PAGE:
There is a great chapter in Of Permanent Value: The Story Of Warren Buffett that touches on his experience with McDonald’s (MCD). I don’t want to lift too much from the book, though suffice to say it is a wonderful little story that starts out with Buffett, Bill Gates and a McDonald’s outlet in Hong Kong of all places.
This slightly surreal encounter occurred in late-1995, and by the end of the following year Buffett’s Berkshire Hathaway owned just over thirty million shares of McDonald’s stock. There was a two-for-one stock split a few years after that, so we’re actually talking more like sixty million shares in today’s terms. In any case it doesn’t matter much because by the end of 1998 the position had largely been sold off.
I find it interesting that Buffett chose to dispose of his McDonald’s stock so quickly. In some respects I guess it made sense. I mean look what happened to the stock’s price-to-earnings ratio between 1995 and 1998. At the end ’95 it was 23.25, and by the end of ’98 it had ballooned to somewhere in the region of 35x earnings. I guess that ‘free lunch’ was just too tempting to ignore.
Anyway, contrast that attitude with Buffett’s long-term position in Coca-Cola common stock (which also went through a similar phase of huge valuation multiple expansion in the late 1990s). Granted, there were probably very significant tax implications driving these decisions, but it is still interesting given that McDonald’s is a very ‘Coke like’ company in a lot of respects.
In any case let’s take a look at the opportunity cost of that decision. McDonald’s has posted average annual earnings-per-share growth of around 9.5% between 1995 and 2018, and share price appreciation has averaged around the same rate. In terms of total returns, the headline number works out to around 10% per annum. That figures assumes the cash dividends just piled up someplace and didn’t do anything.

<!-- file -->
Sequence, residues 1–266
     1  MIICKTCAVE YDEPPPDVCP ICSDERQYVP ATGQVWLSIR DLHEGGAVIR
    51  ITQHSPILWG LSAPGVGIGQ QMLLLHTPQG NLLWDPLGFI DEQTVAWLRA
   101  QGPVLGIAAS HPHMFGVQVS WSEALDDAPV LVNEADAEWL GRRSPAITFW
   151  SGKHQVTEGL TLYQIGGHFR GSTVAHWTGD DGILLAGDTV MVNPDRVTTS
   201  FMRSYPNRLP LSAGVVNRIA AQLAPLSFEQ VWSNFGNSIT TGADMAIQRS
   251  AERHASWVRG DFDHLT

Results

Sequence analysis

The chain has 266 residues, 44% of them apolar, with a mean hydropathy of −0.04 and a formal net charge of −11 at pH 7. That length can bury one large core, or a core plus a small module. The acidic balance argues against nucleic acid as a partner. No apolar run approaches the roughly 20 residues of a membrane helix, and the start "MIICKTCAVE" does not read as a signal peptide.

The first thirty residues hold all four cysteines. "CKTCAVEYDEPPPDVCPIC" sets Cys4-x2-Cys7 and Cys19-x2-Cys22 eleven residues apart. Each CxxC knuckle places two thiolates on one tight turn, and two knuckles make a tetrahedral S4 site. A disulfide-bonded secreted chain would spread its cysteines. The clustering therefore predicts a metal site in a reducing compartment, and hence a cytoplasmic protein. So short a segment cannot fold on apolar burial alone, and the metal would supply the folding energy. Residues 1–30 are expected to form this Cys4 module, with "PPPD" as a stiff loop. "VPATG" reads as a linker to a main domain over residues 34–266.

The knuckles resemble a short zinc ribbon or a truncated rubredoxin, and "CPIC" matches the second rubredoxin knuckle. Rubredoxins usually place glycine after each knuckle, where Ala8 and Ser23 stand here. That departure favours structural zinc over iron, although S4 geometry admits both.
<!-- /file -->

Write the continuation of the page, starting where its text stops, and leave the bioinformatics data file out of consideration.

The dividend yield on cost data is pretty cool as well. Let’s say you bought stock at the end of ’95 when the prevailing share price was around $22.50. The current trailing-twelve-month dividend is $3.90 per share, so we would be looking at a yield on cost of 17%. Those sixty million shares would be throwing off around $225m per annum in annual dividend cash for Berkshire. Not too shabby!
Returns From The Mid-1990s
Now, in the mid-90s the average cost of Berkshire’s McDonald’s position was around twenty-two bucks per share. Call that $1,300m worth of stock based on sixty million split-adjusted shares. What would that be worth today? The answer is around $9,500m based on the current $157 share price.
Two things are really cool about that. The first is the sheer scale of real-terms wealth creation. Every dollar invested in McDonald’s stock at the end of 1995 is now worth well over four dollars after inflation. The second is that this entirely ignores the huge pile of dividend cash pumped out in the intervening period. In per-share terms McDonald’s has paid out around $36 in that time, more than enough to cover the original investment.
Funnily enough Berkshire stock has performed just about the same. Between year-end 1995 and today it has returned somewhere in the region of 10.25% per annum. Perhaps it would have been easier if it just held McDonald’s stock all the way through!
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